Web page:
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The Great War (1914-1918) Forum

Remembered Today:

Silver War Badge - Lincolnshire Regt.


KizmeRD

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Sorry but need help in completing my GF’s Great War service history. He enlisted in the 1st Bn. Lincs sometime towards the end of 1914 (Service No. 9481) and when the war started his Bn. was serving in Portsmouth. He was sent to France as part of the BEF (disembarkation date 13 Aug 14) attached to the 9th Brigade, 3rd Division and fought in the Battle of Mons, the rearguard action at Solesmes, Le Cateau, the Marne, the Aisne, La Bassee, Messines and the First Battle of Ypres.

 

He was listed in a Times list of wounded dated 27 February 1915 and after recovering back in Blighty he was (I think) posted to the 8th (Service) Battalion, as a battle hardened veteran serving in a K3 unit.
 
He appears again in a Times list of wounded dated 20 November 1915, this time because of what I understand were gunshot wounds received during the Battle of Loos.

 

I can't find any record of his war service from 1916 onwards (was he once again posted to a different battalion and sent back to the front, or perhaps this time he was permanently discharged due to wounds received?)

 

His name is Private William Henry Bloy, SWB no. A/1167 (or JA/1167) - I’d simply like to establish his actual date of discharge.
 

Any help greatly appreciated (as I’m more familiar with naval matters).

 

Regards, Michael

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According to his SWB he enlisted on 13th November 1912 and was discharged due to wounds on 23rd May 1919. His SWB number is B143859

Edited by ajsmith
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Thanks for the information on his discharge date.
Poor ******, it seems that he was in from the first day of the war through to the bitter end, with very little respite.

I now need to double check which battalion he served in from 1916 onwards.

Michael

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He is named in the casualty list in The Scotsman newspaper, published November 16th 1914 as wounded.

Courtesy of the British Newspaper Archive 

 

Edit.....he is shown as wounded in The Sheffield Daily Telegraph a month earlier, Oct 16th.1914.

 

Edit2....the telegraph article states the wounded were

" reported by the DAG 3rd echelon under date September 30th."

 

 

Screenshot_20200611-103046.jpg

Edited by sadbrewer
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22 hours ago, KizmeRD said:

 

He appears again in a Times list of wounded dated 20 November 1915, this time because of what I understand were gunshot wounds received during the Battle of Loos.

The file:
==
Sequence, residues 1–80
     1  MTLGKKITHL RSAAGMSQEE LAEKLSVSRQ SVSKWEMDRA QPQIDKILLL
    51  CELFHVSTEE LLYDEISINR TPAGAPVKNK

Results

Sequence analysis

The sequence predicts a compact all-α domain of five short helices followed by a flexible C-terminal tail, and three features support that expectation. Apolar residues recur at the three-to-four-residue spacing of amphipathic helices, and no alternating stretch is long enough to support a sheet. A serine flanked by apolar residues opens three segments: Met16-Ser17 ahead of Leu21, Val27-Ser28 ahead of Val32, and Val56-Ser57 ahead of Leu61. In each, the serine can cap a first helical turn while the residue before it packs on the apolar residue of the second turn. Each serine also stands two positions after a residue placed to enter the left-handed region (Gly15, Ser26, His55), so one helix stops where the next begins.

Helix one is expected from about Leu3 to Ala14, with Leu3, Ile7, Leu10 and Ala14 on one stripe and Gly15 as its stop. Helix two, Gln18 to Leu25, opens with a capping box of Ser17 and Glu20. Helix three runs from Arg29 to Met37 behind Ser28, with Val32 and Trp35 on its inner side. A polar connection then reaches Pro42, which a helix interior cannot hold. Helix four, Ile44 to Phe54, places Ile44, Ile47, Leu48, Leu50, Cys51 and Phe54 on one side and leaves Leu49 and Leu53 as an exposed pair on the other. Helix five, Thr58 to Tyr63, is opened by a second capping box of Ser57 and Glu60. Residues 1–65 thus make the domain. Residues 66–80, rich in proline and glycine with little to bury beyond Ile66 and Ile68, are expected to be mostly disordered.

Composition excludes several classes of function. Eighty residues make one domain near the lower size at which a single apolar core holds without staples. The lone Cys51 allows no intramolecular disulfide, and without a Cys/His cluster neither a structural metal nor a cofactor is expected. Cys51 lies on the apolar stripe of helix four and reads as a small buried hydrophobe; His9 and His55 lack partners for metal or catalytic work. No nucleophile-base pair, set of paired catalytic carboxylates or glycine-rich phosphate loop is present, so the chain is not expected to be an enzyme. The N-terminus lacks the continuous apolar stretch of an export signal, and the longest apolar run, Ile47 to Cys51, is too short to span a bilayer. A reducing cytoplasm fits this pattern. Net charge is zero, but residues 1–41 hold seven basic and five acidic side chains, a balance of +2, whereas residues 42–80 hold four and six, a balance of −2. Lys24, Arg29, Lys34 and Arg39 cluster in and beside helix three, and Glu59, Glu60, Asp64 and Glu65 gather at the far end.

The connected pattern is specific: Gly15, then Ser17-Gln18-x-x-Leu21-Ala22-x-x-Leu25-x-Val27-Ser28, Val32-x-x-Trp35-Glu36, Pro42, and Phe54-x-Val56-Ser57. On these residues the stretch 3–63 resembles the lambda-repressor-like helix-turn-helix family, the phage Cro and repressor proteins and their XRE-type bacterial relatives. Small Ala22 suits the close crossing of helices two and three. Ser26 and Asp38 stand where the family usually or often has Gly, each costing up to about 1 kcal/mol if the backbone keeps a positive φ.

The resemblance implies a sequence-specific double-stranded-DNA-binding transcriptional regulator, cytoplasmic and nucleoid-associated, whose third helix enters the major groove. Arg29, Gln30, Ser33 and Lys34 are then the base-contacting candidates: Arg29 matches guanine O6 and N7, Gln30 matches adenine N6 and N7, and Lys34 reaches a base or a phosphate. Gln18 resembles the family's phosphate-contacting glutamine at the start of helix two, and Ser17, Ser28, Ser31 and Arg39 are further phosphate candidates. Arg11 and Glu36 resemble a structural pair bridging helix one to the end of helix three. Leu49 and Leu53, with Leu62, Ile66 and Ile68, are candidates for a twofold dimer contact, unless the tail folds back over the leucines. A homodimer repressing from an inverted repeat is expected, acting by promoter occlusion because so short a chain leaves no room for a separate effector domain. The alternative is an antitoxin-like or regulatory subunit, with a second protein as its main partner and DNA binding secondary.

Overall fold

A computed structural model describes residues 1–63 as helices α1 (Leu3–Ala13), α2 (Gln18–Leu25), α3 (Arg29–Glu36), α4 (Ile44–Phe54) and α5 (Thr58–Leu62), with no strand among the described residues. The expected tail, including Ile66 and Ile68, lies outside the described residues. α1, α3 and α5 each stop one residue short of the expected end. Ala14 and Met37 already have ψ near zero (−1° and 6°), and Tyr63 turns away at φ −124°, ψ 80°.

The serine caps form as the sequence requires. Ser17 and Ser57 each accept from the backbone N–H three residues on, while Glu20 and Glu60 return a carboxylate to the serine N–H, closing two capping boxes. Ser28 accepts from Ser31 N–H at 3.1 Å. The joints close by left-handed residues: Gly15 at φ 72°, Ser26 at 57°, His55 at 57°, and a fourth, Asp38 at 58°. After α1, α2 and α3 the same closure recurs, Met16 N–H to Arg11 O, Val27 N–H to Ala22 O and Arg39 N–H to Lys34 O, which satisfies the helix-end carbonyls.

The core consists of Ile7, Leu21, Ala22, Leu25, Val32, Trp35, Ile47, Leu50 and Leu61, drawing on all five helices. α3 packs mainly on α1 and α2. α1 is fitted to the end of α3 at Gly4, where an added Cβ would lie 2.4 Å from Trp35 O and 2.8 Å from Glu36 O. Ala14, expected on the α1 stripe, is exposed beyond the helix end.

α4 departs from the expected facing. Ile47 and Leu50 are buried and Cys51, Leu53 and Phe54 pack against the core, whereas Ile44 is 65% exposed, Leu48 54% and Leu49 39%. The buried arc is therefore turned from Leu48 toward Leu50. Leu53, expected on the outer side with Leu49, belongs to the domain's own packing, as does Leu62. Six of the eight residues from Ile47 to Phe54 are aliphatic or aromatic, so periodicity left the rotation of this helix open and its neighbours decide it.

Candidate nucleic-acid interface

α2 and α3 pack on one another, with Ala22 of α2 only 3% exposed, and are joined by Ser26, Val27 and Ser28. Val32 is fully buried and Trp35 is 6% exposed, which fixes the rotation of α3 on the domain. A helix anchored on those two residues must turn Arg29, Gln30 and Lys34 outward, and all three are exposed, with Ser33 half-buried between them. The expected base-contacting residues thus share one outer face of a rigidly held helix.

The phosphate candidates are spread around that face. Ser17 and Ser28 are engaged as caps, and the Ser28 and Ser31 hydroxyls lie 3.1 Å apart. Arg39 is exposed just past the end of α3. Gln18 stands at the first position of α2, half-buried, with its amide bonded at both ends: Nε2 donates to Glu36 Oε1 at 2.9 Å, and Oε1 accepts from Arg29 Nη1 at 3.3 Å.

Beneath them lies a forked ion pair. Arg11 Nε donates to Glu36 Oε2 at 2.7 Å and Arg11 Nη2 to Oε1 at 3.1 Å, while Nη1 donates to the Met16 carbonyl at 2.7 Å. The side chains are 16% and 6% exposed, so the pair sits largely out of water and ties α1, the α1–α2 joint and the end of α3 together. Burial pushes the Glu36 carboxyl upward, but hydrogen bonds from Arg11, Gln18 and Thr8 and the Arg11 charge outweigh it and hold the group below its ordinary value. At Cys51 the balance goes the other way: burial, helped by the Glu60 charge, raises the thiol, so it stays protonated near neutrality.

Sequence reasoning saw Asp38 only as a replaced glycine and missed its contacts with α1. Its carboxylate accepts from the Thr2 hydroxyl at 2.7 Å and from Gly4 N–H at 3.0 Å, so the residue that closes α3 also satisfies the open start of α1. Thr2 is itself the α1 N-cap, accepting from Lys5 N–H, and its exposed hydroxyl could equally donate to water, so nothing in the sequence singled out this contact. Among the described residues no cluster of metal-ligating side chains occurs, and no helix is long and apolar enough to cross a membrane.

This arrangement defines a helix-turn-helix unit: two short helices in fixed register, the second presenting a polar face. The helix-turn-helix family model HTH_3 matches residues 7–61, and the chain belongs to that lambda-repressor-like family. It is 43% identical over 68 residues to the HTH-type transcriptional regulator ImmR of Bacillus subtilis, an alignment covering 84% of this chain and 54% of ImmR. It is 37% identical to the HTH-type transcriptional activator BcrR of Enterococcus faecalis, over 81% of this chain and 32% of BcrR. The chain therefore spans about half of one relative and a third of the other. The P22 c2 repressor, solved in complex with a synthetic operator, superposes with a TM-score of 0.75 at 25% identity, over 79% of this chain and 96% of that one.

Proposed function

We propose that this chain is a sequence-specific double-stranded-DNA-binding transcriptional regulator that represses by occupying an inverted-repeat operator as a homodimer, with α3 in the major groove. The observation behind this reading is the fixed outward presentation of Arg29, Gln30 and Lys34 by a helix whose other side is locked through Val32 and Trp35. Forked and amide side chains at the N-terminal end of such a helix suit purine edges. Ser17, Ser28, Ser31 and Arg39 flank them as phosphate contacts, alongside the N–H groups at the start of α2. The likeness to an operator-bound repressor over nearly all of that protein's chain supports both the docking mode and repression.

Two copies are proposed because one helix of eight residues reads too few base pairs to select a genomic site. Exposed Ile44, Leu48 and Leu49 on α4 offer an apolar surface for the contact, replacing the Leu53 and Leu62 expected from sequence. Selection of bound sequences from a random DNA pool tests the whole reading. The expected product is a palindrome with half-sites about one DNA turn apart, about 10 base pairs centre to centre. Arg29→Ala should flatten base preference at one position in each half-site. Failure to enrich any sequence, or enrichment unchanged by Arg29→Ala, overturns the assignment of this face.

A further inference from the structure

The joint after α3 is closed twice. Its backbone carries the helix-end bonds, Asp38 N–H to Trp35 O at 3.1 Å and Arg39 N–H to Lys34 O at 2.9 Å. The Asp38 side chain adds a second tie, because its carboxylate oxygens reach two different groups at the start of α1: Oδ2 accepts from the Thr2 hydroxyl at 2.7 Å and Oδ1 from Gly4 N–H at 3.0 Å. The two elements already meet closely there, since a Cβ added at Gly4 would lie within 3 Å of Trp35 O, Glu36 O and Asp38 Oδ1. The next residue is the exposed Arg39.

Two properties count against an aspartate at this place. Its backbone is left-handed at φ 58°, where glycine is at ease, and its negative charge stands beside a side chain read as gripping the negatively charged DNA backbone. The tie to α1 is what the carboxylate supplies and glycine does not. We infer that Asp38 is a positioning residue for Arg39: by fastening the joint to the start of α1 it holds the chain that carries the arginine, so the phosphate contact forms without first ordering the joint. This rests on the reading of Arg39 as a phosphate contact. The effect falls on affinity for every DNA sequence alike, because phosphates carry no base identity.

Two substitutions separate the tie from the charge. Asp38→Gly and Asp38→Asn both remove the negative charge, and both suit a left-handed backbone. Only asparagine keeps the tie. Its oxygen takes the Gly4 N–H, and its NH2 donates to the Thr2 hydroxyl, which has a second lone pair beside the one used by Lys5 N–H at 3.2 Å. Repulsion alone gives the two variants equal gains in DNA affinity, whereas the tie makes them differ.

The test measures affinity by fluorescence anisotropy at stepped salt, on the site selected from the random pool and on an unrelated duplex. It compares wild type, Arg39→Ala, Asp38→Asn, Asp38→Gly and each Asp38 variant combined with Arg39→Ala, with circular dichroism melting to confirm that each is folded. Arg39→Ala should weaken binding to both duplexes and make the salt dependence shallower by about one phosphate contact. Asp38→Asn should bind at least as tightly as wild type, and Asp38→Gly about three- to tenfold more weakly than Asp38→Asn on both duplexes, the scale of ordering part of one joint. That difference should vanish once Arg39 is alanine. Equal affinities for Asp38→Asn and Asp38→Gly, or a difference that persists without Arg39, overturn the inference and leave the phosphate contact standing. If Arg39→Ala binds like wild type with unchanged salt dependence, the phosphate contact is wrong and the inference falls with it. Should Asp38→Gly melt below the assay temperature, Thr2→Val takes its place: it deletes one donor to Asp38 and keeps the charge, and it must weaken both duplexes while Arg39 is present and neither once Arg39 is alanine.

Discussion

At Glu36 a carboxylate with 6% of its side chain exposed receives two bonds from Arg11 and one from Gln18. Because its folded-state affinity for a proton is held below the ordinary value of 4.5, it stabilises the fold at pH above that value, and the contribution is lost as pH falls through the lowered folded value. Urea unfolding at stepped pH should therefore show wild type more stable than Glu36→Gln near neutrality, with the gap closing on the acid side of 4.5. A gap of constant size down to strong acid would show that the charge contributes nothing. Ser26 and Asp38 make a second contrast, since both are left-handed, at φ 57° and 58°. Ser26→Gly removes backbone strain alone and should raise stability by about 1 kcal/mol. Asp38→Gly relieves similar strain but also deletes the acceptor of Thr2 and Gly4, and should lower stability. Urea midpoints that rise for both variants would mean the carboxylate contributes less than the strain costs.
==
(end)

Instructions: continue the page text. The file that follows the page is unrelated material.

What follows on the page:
Regards, Michael

Michael

I could not find him in the Times OCL 20/11/1915. There is a large list of 8 Bn Missing on 02/11/1915 (my gf is on it) and on the same day in the Lincolnshire Echo.

Brian

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Thanks sadbrewer, he always said that he was wounded three times during the Great War, so this was the first of those three occasions. As a kid I vividly remember putting my fist in a hole the size of a tennis ball in his shoulder and he also had several other large scars on his body which were all from gunshot wounds - he’s lucky to have avoided shell injuries!

He also recalled to me the long, long foot slog down from Mons to the Marne and then all the way back up again into Belgium. Judging by the date (Sept.30) I presume that he must have picked up his first injury at Messines. 
Thanks also to ajsmith.

Michael

Edited by KizmeRD
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You seem to have have the first and third woundings. I think the second was that reported 27/2/15 List from Base dated 8/1/15

 

Charlie

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Being discharged for wounds suggests eligibility for a Pension. No card digitised yet but it may well be in the next year ?

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Thanks again Charlie, as he was a regular soldier with time still to serve, I presume that he was discharged due to his injuries so maybe he also received an Army pension.

Despite his war wounds he lived a long and happy life, and on returning to civvy street he married the girl he first met in Portsmouth before hostilities commenced and took him to France. They had five children together and lots of grandchildren. He became a tram driver on the Portsmouth Tramways and he was a proud member of the Old Contemptible's Association.

Michael

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18 hours ago, KizmeRD said:

Thanks again Charlie, as he was a regular soldier with time still to serve, I presume that he was discharged due to his injuries so maybe he also received an Army pension.

Despite his war wounds he lived a long and happy life, and on returning to civvy street he married the girl he first met in Portsmouth before hostilities commenced and took him to France. They had five children together and lots of grandchildren. He became a tram driver on the Portsmouth Tramways and he was a proud member of the Old Contemptible's Association.

Michael

 Bearing the above in mind, you may find this interesting...From The Evening News, February 9th, 1927.

Courtesy of the British Newspaper Archive 

 

 

Screenshot_20200613-101539.jpg

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Brilliant, thank you again.

Michael

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1 hour ago, KizmeRD said:

Brilliant, thank you again.

Michael

Just to let you know there are a few Bloy related articles in The British Newspaper Archive....a couple of family weddings and a court case in the 50's.

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